Breastfeeding itself is a strangely satisfying experience also. I love to watch my babies eating and going from frantically hungry to patiently satisfied in just seconds. I love to hold them so close and know that I’m nourishing them. I hated when Ellie was “failure to thrive” that I had to give her a certain number of bottles per day no matter what, because I really missed that time breastfeeding her, and I’m grateful to have that time back. I love the middle of the night and morning feeds that best, because we’re not in a rush… we lay in bed together and I let them nurse to their hearts’ content and switch of babies whenever the first one is done (for the morning, that is… Ellie never eats in the middle of the night… Sam does, and he’s very snuggly for those feeds).

And it’s that closeness and snugglyness and the knowledge that in this way my body has chosen not to betray me that makes the rest of it worth it. The rest of it? Oh yes, the rest of it. Let me tell you about the rest of it, because therein lies the mystery.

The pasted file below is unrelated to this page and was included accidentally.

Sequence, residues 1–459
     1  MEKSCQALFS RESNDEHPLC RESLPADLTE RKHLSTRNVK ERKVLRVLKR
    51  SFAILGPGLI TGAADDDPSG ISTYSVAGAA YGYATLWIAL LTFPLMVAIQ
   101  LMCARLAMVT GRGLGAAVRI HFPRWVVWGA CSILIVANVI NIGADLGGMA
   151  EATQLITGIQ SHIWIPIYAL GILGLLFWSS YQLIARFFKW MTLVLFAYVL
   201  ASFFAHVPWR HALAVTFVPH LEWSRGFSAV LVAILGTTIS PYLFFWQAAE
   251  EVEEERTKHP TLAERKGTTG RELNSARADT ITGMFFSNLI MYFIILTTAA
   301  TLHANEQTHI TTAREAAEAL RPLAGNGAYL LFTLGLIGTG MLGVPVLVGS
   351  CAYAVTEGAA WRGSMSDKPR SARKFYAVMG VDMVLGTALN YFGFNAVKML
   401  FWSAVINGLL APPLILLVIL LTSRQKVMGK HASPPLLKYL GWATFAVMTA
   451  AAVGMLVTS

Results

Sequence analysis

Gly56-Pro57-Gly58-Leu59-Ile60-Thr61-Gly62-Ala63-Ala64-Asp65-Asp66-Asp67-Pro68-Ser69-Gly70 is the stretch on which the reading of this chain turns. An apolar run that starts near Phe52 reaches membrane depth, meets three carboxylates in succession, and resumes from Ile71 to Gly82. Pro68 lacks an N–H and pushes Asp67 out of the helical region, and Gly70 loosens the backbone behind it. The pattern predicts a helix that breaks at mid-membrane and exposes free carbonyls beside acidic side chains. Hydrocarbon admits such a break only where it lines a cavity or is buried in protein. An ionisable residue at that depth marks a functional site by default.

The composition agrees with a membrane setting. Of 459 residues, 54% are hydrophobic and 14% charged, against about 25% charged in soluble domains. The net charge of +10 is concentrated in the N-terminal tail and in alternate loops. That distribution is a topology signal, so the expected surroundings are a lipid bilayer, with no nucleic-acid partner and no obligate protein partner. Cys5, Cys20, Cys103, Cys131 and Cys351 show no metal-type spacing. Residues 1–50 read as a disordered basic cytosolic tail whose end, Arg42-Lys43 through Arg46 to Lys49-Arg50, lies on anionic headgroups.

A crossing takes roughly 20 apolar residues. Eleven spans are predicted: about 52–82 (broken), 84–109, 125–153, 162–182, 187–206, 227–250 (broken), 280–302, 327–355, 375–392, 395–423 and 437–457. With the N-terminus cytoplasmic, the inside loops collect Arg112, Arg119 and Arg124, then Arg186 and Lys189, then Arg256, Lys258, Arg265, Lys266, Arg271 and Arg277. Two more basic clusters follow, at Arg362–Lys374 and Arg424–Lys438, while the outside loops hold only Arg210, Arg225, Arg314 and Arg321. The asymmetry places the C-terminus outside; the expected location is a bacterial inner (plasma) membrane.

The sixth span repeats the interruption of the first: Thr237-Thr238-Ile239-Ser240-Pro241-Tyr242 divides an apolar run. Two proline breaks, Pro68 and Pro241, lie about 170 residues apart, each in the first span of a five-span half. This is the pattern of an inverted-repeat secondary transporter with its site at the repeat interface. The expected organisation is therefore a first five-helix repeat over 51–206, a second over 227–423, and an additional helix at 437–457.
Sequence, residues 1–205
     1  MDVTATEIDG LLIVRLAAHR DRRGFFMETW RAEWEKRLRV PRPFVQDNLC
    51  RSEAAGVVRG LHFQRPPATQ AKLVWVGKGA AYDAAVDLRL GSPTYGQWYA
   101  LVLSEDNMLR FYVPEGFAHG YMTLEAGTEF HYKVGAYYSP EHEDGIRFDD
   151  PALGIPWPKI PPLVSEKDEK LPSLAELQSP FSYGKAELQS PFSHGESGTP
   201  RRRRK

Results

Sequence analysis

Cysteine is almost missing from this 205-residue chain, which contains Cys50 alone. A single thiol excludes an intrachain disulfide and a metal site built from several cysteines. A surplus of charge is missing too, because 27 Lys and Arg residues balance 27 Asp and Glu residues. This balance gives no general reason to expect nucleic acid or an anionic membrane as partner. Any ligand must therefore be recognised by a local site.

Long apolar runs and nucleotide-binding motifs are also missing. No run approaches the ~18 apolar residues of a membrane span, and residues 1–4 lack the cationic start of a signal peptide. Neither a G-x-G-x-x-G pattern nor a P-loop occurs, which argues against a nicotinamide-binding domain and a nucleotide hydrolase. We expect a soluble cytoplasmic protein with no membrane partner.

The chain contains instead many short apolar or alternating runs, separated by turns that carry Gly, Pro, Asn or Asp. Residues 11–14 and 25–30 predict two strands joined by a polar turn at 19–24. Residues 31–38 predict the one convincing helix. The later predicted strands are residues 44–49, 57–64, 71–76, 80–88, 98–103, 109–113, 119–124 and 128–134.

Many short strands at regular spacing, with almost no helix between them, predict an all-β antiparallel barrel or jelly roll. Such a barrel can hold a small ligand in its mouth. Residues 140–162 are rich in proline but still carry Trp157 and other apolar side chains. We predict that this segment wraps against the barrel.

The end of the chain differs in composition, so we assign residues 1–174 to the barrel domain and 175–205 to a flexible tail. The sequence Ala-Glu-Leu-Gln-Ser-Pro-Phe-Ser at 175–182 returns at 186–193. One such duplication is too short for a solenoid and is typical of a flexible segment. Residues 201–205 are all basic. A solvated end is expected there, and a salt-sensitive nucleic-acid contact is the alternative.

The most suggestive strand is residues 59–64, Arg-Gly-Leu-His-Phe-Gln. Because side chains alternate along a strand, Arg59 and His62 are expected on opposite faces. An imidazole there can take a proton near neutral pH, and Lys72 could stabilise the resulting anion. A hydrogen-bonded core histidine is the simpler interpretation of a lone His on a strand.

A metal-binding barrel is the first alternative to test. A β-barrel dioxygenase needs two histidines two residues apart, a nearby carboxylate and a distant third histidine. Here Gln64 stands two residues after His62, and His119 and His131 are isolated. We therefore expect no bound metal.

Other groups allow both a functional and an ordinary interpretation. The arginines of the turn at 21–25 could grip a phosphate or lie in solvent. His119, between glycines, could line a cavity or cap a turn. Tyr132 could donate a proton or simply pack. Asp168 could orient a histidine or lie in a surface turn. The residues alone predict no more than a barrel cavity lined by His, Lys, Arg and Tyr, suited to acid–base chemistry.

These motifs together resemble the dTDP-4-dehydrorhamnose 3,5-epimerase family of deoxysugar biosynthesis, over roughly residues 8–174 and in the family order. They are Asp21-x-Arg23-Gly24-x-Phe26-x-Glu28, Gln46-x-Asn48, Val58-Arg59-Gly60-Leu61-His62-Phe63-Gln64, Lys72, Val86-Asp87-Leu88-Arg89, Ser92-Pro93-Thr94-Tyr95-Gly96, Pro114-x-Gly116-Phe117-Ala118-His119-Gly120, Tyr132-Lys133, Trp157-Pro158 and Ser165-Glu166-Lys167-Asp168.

I remember while the babies were in the NICU I was running ragged one day and I’d been at the NICU so long that I’d missed one pumping session (I was still then pumping every 2 hours religiously, so they kind of ran one into the next back then). I came home to change and eat dinner during the NICU’s shift change before heading back over there and as I was pulling my shirt off over my head my arm brushed over my left breast and I screamed in pain. What the Hell Is That?? I cried out to my husband. Fortunately, Seth is smarter than me, and he immediately jumped up and said, “You must have a plugged duct. You need to pump and you need a heating pad.” How the friggin’ FRICK does my husband know this stuff??? Sure enough, he was exactly right. I will never forget the pain from that plugged duct, though, because it was really shocking how much a little milk backed up in a duct can hurt! I vowed never to allow that to happen again (hah!). Little did I know, that was just the first of the many times that I would experience breast pain over the course of my breastfeeding experience.